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  5. "それをください。"


Translation:That one, please.

June 8, 2017



これ Kore=This, in front of me それ Sore=that, Next to you あれ Are=That, over there


これ Kore means it is in your reach それ Sore means it is in within the reach of the 2nd person あれ Are means its not within their reach but can point where it is どれ Dore means it can be somewhere but not within their reach


And wouldn't Dore be used to indicate that you don't know the location of the object?


どれ is "which," like "which one." "Where" is どこ, as in トイレはどこですか, "Where is the toilet?"


How about "Please give me that" instead?


^ makes more sense tbh. At this point the translations are a nightmare.


If you submit it as another translation, I'm sure they'll accept it


Yes, they accepted it with me!


I said, "This one please" and it said I was incorrect. It needed to be, "That one please." What is really the difference? They need to fix this. :/


"This" and "that" point in different directions. "This" is toward the speaker and "that" is away. There's a reason there are different words being used in both languages.


Anyone care to explain what's the function of を here?


を is a particle that indicates the object of a verb. If memory serves, ください literally means 'please give me', so the を here marks that それ is what is being asked for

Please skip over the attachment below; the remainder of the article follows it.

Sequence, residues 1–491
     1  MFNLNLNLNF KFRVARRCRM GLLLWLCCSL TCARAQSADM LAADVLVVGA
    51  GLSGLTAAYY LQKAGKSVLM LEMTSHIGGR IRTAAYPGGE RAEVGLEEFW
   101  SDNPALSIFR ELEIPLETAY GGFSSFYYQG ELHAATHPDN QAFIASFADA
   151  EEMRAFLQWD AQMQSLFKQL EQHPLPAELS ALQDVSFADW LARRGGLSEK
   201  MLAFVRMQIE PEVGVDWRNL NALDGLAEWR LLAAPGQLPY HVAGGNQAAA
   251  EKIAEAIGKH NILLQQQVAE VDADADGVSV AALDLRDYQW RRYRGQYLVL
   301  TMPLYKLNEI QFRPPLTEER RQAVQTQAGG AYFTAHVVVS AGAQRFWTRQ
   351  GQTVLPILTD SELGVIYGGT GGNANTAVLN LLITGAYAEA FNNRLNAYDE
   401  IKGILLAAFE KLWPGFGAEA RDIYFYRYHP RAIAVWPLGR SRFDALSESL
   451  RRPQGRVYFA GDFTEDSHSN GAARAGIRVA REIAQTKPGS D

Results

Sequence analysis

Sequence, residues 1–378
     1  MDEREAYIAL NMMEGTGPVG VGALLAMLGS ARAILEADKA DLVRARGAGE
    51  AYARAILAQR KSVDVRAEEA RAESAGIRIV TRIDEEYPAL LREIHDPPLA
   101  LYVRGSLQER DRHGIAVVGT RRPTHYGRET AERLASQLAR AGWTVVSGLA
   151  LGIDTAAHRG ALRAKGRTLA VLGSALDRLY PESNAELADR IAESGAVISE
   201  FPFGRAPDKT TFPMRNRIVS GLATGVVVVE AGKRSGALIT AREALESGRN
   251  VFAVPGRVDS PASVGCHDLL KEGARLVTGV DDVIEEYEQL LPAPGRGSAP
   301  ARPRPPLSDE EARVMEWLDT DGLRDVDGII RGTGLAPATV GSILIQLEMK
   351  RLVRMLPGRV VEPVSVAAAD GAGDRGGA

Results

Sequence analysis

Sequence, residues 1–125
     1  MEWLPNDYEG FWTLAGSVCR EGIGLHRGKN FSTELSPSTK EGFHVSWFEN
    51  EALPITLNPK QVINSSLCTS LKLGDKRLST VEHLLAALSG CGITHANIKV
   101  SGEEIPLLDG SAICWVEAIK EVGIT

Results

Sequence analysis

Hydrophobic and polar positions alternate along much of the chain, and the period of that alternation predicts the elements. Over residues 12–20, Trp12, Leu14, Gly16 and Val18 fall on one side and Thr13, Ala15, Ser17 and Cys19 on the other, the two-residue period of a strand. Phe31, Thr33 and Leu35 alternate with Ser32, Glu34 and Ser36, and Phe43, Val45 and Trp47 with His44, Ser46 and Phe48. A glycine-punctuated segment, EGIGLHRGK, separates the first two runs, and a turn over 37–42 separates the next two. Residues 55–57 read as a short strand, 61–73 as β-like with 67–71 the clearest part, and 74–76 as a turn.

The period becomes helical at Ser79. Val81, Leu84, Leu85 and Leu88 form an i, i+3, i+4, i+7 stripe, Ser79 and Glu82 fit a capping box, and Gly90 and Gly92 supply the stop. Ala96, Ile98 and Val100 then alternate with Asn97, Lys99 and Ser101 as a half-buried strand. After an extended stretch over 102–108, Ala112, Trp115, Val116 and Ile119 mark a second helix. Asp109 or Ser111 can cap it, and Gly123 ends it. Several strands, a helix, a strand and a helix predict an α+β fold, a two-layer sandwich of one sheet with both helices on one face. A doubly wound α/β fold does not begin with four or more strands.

What is the difference in when we use は and を after これ、 あれ、それ?


If you wrote これはください its like saying about this (item) please give me Where as これをください is please give me this (item) English lacks a word to replace を


So, '~ WO verb' would be like "apply the verb to ~" right?

Or "[The verb], do it to this: ~"


When a I took japanese classes, 10 years ago, I learned that "ha/wa" is the most important "thing" in the phrase. It's mosr like the subject, but sometimes not.

Carol wa burajirujin desu (Carol is brazilian) - Carol is the subject

Are wa pan desu ka (Is that a bread?) -> it's like "that" is the subject of the construction

Well, sorry, many years without studying japanese, don't know if I can help. And English is not my mother language (problably something is wrong here), I only learned it when I was a child because my father told me to. "First the english and then japanese..." he said! well, I still prefer japanese lol but it's paying off, as seem as duolingo only have japanese in english version.